If you plan to stay with this company, personally I would go for "strengthen my knowledge of our main product's functionality". The further up the organization you aim to reach, the bigger the picture you need to be able to see. At chief engineer level, the interesting questions are not how to do solve some math intensive design problem, but things like "what business is the company really in? What business do our customers think we should we be in? What should our product line look like 5, 10, 20 years from now?"

    (And if you hit a challenging math intensive design problem when you get to be chief engineer, you don't have to solve it yourself. It's probably cheaper to hire a smart graduate just out of college ... :smile:)
     
  4. Jun 27, 2014 #3

    D H

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    If it's an interesting problem that will take 5 to 20% of your time to solve, you might want to assign it to yourself.

    One of the biggest dangers in moving up the hierarchy is degradation of technical skills. I've run across far too many technical managers who were technically competent in some previous millennium but now are dumber than dirt technically (and they make dirt-dumb decisions as a result). The good ones are those who regularly assign themselves a small but meaty technical task so as to keep that skill degradation down to a minimum. It can't be too meaty because that means not enough time to spend on management, but on the flip side it can't be too small because that means they're only giving lip service to keeping their technical skills intact.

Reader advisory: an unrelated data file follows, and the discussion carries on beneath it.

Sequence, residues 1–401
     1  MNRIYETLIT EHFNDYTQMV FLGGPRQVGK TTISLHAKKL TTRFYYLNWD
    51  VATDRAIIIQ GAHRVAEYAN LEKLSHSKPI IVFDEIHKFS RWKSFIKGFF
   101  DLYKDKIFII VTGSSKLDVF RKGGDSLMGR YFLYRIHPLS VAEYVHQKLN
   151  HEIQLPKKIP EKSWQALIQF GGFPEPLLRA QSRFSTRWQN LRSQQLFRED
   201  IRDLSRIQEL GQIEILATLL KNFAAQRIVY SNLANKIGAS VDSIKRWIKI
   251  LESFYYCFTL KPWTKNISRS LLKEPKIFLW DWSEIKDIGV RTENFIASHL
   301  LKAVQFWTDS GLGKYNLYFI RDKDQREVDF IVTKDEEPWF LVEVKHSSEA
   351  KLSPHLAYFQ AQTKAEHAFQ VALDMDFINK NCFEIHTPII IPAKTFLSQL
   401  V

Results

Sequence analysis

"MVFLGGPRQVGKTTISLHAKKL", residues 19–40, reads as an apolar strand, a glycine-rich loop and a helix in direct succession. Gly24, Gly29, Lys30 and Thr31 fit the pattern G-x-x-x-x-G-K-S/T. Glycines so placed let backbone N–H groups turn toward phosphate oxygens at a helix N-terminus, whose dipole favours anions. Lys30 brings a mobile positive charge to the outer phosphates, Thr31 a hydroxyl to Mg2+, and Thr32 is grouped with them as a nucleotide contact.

5. Jun 27, 2014 #4

    AlephZero

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    Agreed. I got lucky, working in a big company that had the wit to realize that fact, and set up a career structure with parallel tracks for "management" and "technical specialists", with notionally equal status, and (more important) equal pay scales, at least to the levels that cover more than 99% of employees.